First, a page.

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Young Women Often Delay Looking Into Breast Symptoms
  • Posted April 12, 2024

Young Women Often Delay Looking Into Breast Symptoms

Young women who find a lump or other potential signs of breast cancer often delay for weeks before finally seeing a doctor, a new study shows.

On average, young women waited two weeks before seeing a doctor about troubling breast symptoms, researchers found. One-third of young breast cancer patients waited for more than a month to seek care.

These delays can be dangerous, said lead researcher Dr. Katherine Fleshner, a doctor with the University of Calgary in Canada.

"Because young women typically do not undergo regular screening mammography and because the disease is rare in this population, patients are usually diagnosed at a later stage than older patients,"Fleshner said. "They may ignore or dismiss their concerns early on."

"However, their cancers also usually are more aggressive, so seeking medical care is important,"Fleshner added.

For this study, researchers analyzed surveys collected from 1,148 patients between 2015 and 2022 as part of the Reducing the Burden of Breast Cancer in Young Women (RUBY) project.

The RUBY study involves young breast cancer patients diagnosed prior to their 41st birthday. The average age of participants was 37.

Nearly nine out of 10 patients (89%) in this study had a symptom of breast cancer. Of those, 77% had a lump they could feel in their breast.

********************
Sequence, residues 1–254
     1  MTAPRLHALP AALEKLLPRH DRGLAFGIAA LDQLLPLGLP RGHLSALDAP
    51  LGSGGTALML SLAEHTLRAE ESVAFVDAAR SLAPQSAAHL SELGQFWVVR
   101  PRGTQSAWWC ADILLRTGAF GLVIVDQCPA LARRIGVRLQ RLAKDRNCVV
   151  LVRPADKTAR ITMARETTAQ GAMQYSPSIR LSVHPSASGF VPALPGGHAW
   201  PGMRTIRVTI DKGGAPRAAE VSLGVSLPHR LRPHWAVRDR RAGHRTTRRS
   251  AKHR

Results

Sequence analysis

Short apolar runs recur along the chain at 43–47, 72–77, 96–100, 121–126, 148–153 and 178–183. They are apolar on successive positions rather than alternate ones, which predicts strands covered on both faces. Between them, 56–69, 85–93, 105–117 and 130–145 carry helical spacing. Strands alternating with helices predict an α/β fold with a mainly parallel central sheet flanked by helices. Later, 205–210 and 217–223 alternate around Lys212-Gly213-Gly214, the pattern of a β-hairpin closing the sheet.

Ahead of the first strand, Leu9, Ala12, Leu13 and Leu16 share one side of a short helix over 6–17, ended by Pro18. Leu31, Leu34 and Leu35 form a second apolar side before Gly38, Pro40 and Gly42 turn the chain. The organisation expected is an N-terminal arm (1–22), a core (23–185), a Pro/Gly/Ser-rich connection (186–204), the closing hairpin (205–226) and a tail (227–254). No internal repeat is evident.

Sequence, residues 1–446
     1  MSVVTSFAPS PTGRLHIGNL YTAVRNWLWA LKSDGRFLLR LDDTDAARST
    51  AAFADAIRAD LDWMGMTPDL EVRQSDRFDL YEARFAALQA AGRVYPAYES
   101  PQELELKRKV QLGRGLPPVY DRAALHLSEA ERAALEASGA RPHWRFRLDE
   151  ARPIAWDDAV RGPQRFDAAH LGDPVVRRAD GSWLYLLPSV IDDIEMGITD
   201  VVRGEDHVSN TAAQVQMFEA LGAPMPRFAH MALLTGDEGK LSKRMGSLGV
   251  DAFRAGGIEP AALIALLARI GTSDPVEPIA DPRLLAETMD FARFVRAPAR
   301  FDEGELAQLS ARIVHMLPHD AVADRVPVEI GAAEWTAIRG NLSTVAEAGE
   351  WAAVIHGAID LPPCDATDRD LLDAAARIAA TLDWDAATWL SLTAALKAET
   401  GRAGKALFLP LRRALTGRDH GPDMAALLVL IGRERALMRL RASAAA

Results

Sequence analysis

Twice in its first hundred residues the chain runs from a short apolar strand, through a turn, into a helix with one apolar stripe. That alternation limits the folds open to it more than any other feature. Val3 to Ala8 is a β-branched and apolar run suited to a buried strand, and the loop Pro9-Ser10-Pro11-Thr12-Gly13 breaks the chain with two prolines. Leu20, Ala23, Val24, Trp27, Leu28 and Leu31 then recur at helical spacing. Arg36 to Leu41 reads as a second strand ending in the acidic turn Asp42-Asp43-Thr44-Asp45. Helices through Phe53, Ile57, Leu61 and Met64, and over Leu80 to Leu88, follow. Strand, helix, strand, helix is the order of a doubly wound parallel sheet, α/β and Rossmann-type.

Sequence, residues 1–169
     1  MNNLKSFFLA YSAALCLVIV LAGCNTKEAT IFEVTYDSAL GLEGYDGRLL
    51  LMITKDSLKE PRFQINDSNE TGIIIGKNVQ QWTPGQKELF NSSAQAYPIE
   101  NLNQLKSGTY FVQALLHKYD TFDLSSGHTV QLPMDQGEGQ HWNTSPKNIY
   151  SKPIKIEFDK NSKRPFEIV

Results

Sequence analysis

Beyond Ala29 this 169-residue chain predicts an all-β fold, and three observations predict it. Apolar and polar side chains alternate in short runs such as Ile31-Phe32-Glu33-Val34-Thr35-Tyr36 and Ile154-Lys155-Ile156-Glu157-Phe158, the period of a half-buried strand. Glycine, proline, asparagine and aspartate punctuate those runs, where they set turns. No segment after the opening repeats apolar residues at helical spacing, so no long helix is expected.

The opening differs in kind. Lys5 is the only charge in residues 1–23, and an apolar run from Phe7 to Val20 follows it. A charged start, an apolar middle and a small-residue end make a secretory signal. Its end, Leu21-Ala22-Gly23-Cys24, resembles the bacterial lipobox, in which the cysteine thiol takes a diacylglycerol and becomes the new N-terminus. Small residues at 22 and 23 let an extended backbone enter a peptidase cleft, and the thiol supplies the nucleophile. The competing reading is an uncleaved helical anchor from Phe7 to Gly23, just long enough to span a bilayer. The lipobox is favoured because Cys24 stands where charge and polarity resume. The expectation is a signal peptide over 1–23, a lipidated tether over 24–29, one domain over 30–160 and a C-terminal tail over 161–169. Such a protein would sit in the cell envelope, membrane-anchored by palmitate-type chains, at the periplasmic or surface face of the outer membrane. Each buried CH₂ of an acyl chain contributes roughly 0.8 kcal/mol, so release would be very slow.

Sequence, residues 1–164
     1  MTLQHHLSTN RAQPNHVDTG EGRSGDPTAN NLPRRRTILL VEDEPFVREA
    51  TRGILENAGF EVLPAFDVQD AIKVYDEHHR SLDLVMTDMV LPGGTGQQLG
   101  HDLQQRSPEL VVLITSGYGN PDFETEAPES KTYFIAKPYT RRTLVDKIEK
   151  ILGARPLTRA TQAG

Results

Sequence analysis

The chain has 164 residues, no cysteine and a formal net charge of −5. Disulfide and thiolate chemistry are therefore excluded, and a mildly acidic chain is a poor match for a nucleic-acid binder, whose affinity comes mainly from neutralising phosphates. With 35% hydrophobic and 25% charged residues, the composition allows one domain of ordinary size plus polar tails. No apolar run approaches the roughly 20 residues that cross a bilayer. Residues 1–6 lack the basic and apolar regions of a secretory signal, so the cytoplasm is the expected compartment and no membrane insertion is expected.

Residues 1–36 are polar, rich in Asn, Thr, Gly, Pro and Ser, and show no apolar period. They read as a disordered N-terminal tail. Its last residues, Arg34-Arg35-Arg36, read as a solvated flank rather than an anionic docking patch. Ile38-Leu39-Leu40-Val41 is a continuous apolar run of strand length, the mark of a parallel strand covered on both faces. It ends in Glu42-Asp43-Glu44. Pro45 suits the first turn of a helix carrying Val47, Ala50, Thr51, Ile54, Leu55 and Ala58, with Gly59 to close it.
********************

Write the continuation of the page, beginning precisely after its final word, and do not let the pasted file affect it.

Other symptoms can include swelling of the breast, skin dimpling, breast or nipple pain, nipple retraction, nipple discharge and swollen lymph notes under the arm or near the collar bone, according to the American Cancer Society.

Patients said they delayed seeing a doctor due to lack of concern, waiting for their next menstrual cycle, reassurance from another health care practitioner, difficulty accessing care or too many competing priorities in their lives.

Practitioner reassurance included informal advice from family or friends in the health care field, or a regular doctor's visit that did not diagnose the problem, researchers said.

"Some primary care physicians may have difficulty teasing out which symptoms truly need a workup, in part because most young patients present with benign complaints,"Fleshner said. "Additionally, potentially some early cancers may be misdiagnosed, or patients who believe they were misdiagnosed may actually have experienced a benign issue and an unrelated cancer develops later on."

Young women were most likely to delay seeing a doctor if they had a painful lump or if they had a close relative who'd had breast cancer, results show.

In those instances, fear or denial might drive patients to delay their care, researchers said.

However, there is good news"once a concerning symptom was recognized by a doctor, only 10% of patients experienced any further delay in care.

The findings were presented this week at the American Society of Breast Surgeons annual meeting in Orlando, Fla. Findings presented at medical meetings should be considered preliminary until published in a peer-reviewed journal.

Fleshner stressed that women must seek follow-up care for any breast symptoms that persist.

"Even if you have seen a physician, don't dismiss an ongoing abnormality,"Fleshner said in a meeting news release. "Advocate for yourself to ensure you get the help you need."

More information

The American Cancer Society has more about breast cancer symptoms.

SOURCE: American Society of Braest Surgeons, news release, April 11, 2024

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